By on May 4, 2018

Tacoma TRD Teaser CAS 2018

One country waves the stars and stripes; the other, a big, red maple leaf. One calls those rain catchment thingies gutters, the other (or at least parts of it) insists on calling them eavestroughs. The differences are vast.

Despite their cultural and regulatory peculiarities, both Americans and Canadians seem to agree that the Toyota Tacoma‘s sales should only ever go in an upward direction. So far this year, buyers on both sides of the border provided nearly identical sales growth for the midsize pickup.

It’s a good thing Toyota worked out its production constraints.

Despite two fewer selling days in April, Tacoma volume rose 10.6 percent, year over year, in the U.S. last month. That’s the sixth consecutive month of year-over-year sales growth. Over the first four months of 2018, Tacoma sales are up 20 percent compared to the same period last year.

Sadly, we don’t have the data to contrast its performance with the Chevrolet Colorado, the segment’s second best-selling midsizer. (Before it moved to quarterly sales reporting, GM reported that Colorado sales rose 29.1 percent, year to date, in the first three months of 2018.)

2017 Toyota Tacoma TRD Pro - Image: Toyota

The story north of the border is much the same. Nearly identical, actually. In Canada, Tacoma sales rose 11.6 percent, year over year, in April. Year to date, Tacoma volume rose 20.5 percent over the same period in 2017. It seems the two countries formed a pact.

Helping Toyota in its quest to peddle as many Tacomas as possible are steps taken in the past couple of years to boost production at two sites. The automaker added a Saturday shift at its San Antonio, Texas assembly plant in 2016, bolstering existing efforts to lower assembly cycle times. There’s three shifts on the go at its Tijuana facility.

Last year, Toyota announced its proposed Guanajuato, Mexico facility would not produce the Corolla, as planned, but will instead assemble the Tacoma. The compact sedan, already in production in both Ontario and Mississippi, will set up shop at a joint Toyota-Mazda plant in Huntsville, Alabama. Tacoma production at the new Mexican plant should kick off in 2020.

As for the vehicle itself, it seems Toyota doesn’t want to mess with a good thing. The 2019 model year shouldn’t bring any major changes for the Tacoma, though TRD Pro buyers gain the option of adding a snorkel to their off-road spec pickup.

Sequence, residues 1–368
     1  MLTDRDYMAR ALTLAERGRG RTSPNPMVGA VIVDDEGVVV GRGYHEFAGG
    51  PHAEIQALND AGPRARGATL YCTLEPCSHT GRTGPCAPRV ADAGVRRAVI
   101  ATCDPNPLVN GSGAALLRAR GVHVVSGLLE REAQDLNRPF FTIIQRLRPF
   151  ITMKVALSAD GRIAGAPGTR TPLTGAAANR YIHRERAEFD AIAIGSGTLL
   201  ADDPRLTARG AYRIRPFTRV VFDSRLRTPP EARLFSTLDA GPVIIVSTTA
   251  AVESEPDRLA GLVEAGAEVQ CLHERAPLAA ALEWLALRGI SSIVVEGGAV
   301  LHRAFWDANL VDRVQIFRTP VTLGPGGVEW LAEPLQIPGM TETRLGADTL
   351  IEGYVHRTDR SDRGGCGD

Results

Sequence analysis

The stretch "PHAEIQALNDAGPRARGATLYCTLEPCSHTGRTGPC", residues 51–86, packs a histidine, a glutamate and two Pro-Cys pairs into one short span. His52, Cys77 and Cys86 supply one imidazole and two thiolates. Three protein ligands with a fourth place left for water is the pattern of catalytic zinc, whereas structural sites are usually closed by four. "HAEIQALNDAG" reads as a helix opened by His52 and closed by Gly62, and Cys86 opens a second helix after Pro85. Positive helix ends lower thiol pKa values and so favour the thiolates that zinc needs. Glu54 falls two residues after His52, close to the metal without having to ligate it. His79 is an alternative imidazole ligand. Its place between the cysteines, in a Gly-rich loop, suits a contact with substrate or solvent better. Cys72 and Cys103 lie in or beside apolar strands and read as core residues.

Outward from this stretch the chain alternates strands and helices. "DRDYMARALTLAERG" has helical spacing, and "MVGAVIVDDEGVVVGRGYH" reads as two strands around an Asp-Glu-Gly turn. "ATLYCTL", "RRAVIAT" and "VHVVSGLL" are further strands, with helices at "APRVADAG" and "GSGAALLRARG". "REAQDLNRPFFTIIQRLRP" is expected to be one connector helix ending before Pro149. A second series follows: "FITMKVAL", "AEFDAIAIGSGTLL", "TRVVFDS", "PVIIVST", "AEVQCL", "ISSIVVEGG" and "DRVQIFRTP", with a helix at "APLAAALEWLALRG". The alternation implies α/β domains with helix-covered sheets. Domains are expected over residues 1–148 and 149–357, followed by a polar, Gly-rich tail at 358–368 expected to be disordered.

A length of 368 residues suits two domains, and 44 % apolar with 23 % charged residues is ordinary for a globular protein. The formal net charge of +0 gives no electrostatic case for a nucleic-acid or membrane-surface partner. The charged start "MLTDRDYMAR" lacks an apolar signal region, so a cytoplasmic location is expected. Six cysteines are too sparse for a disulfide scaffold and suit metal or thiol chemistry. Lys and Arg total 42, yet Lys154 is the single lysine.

[Images: Toyota]


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19 Comments on “Cross-border Agreement: Midsize Truck Buyers on Both Sides of the 49th Parallel Seem Equally Enamored With One Model...”

  • avatar

    Toyota is very adept at evolving their staples while still preserving the essence of the model.

    Whereas Jeep with the wrangler is on the far end of the preservation spectrum, with Buick on the endlessly evolving/renaming/scrapping end and Toyota fits right in the middle…balanced.

    That truck is undoubtedly a Toyota Tacoma…

  • avatar

    Good for Toyota, bad for the consumer. Toyota has zero incentive to update the Taco in any meaningful way. Like giving it an actual truck engine for example to address the lack of torque many owners are complaining about (4.0L from the 4Runner, anyone?). Perhaps the new Ranger will force them to step up their game.

    On the other hand I’m very thankful that Toyota still offers the 4×4 Taco with a 6 speed manual transmission.

    • 0 avatar

      The new Camry derived 3.5 V6 is not a good fit for the Tacoma, especially when married to the 6 speed automatic. As you stated, it lacks low end torque, and the 6 speed auto wants to shift all the time, for fuel economy no doubt.

      Toyota did all of this for the sake of fuel economy out of the outgoing 4.0, but they only gained about 1 – 2 MPG overall. Skip the 3.5 V6 Taco and get the 4Runner with the 4.0 instead. The venerable 4.0 and 5 speed auto is better than the 3.5 and 6 speed combo.

      People on the Tacoma sub Reddit state that the 3.5 V6 and 6 speed manual combo is better sorted out, but I have yet to find a Toyota dealer that stocks the manual equipped Taco.

      To be fair, the same V6 in the Camry is a hoot!

  • avatar
    Mitchell Leitman

    Of course, in Quebec, eavestroughs are gouttieres. Funny that in Canadian English we don’t use the word derived from the French

  • avatar

    Used Tacos and 4Runners are unbelievably expensive, I was considering a Taco or 4Runner, but am finding used Lexus GX to be a far better deal.

    • 0 avatar